The Journal of the Fitzpatrick Clan Society

Volume 1, 2020

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Table of Contents

Cover story: Mac Giolla Phádraig Osraí 1384-1534 AD, Part I
by Dr Mike Fitzpatrick
Journal of the Fitzpatrick Clan Society 2020, 1, 1-17 (View this article)

The first part of this review of Mac Giolla Phádraig Osraí history (1384-1534) covers the period 1384, from the conquest of Richard II, to 1455, by which time the clan had entered into an alliance with their mortal enemies, the Butlers of Ormond. Twelve years after the commencement of this era the Lordship of Ossory had fallen to Finghin Óg; these were days of increasing formation of alliances between Gaelic chieftains. That changed around the time of Finghin Óg’s death in ca. 1417; the power struggle between Sir John Talbot and Sir James Butler, 4th Earl of Ormond, altered the face of Irish politics for the next 30 or so years, and Mac Giolla Phádraig Osraí had to choose one side or the other. It was a time when Donnchadh Mór Riabhach, a previously unrecognised Lord of Ossory, was chieftain. His life and times are recounted from entries in the Annals of the Four Masters and other familiar texts, but three largely overlooked sources of Mac Giolla Phádraig Osraí history – Liber Ruber, the Ormond Deeds and the Kildare Rental – significantly add to our understand of both he and Mac Giolla Phádraig Osraí lineages, which to date have been muddled. New characters are uncovered, such as Morena ny Giolla Phádraig and her husband, John ‘the Blind’ Butler, and the previously ignored branch, Clann Maeleachlainn Ruadh. An account of the early stages of the Ormond-Mac Giolla Phádraig Osraí alliance, which would ultimately fragment the clan, is provided.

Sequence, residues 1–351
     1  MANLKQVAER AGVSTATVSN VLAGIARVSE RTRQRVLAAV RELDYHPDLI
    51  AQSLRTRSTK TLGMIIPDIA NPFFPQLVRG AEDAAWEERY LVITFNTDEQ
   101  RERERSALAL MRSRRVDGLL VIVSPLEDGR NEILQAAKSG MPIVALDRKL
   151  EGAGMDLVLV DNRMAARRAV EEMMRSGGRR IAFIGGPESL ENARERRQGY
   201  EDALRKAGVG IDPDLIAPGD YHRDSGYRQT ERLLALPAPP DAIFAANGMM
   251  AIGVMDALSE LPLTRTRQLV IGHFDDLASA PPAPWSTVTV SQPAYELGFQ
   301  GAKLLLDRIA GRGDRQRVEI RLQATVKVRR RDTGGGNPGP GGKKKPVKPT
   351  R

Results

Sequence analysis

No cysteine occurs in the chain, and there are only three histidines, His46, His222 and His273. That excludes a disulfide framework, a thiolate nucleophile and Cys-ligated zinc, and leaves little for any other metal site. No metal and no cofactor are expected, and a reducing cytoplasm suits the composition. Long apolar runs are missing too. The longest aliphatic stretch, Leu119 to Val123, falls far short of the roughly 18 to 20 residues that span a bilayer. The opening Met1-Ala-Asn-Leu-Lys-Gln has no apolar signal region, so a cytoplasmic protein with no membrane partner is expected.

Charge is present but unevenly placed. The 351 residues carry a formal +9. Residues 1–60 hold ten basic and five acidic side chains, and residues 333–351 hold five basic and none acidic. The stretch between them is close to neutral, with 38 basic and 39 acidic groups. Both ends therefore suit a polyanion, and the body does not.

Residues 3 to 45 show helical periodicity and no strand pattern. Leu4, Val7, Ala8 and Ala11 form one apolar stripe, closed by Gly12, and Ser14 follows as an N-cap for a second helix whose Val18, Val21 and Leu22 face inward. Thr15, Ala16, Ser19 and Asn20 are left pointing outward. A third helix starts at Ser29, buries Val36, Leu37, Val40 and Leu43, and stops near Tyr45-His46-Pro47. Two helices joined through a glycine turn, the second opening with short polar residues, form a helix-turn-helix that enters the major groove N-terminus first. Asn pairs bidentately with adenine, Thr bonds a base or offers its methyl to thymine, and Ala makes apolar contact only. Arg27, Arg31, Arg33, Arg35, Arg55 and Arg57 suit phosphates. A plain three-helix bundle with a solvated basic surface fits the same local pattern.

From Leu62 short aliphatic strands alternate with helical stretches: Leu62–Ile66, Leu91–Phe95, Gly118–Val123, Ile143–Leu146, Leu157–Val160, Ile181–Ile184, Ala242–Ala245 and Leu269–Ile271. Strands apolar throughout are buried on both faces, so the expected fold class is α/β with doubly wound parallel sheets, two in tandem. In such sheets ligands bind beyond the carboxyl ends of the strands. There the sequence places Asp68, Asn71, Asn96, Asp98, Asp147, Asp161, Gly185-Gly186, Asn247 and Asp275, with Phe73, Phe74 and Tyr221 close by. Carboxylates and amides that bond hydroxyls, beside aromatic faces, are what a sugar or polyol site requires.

Colonial American Fitzpatrick Settlers Part I: Making Sense of One Line
by Ian Fitzpatrick and Dr Mike Fitzpatrick
Journal of the Fitzpatrick Clan Society 2020, 1, 18-39 (View this article)

Before the turn of the 17th century the settlement of Irish in the Americas lacked permanence. Soon after, Irish came to North America and the Caribbean in a steady flow, and by the mid 18th century a flood of Irish and Scotch-Irish had settled in the Americas. The reasons for that settlement were many and varied, as were the geographic origins and lineages of those Fitzpatricks among the influx. This article provides a review of the forces that pushed and pulled Irish and Scotch-Irish to the Americas. By way of example, a single Fitzpatrick line demonstrates how messy traditional genealogy of early Colonial American Fitzpatricks can get. That messiness is due in no small part to the cut and paste functionality at websites such as ancestry.com. But by careful review of authentic historical records, caution with speculative associations, and the power of Y-DNA analysis, it is possible to untangle the mess and bring back some much-needed clarity. In this article, the example used is that of the well-known colonial-settler William Fitzpatrick (born ca. 1690 AD), of Albemarle County, Virginia, who arrived in North American ca. 1728. Two living ancestors of William have been found to share a common ancestry from ca. 1650 AD 􏰁 both bear a genetic mutation (FT15113) specific to William's line; this enables the ready identification of male descendants of William.

Mac Giolla Phádraig Osraí 1384-1534 AD, Part II
by Dr Mike Fitzpatrick
Journal of the Fitzpatrick Clan Society 2020, 1, 40-71 (View this article)

The starting place for Part II of Mac Giolla Phádraig Osraí: 1384-1534 is Feartach, Cill Chainnigh (Fertagh, Co. Kilkenny) where a previously little known Mac Giolla Phádraig cleric, and unrecognised clann chieftain, was appointed Prior in 1506. There are many mysterious elements of Kilpatrick’s tomb at Gráinseach Feartach (Grangefeartach), which is said to be the final resting place of Brian na luireach and his son Seán, and a critical examination of the tomb cannot fail to lead to the inevitable question – is it not they, but others, who are buried there?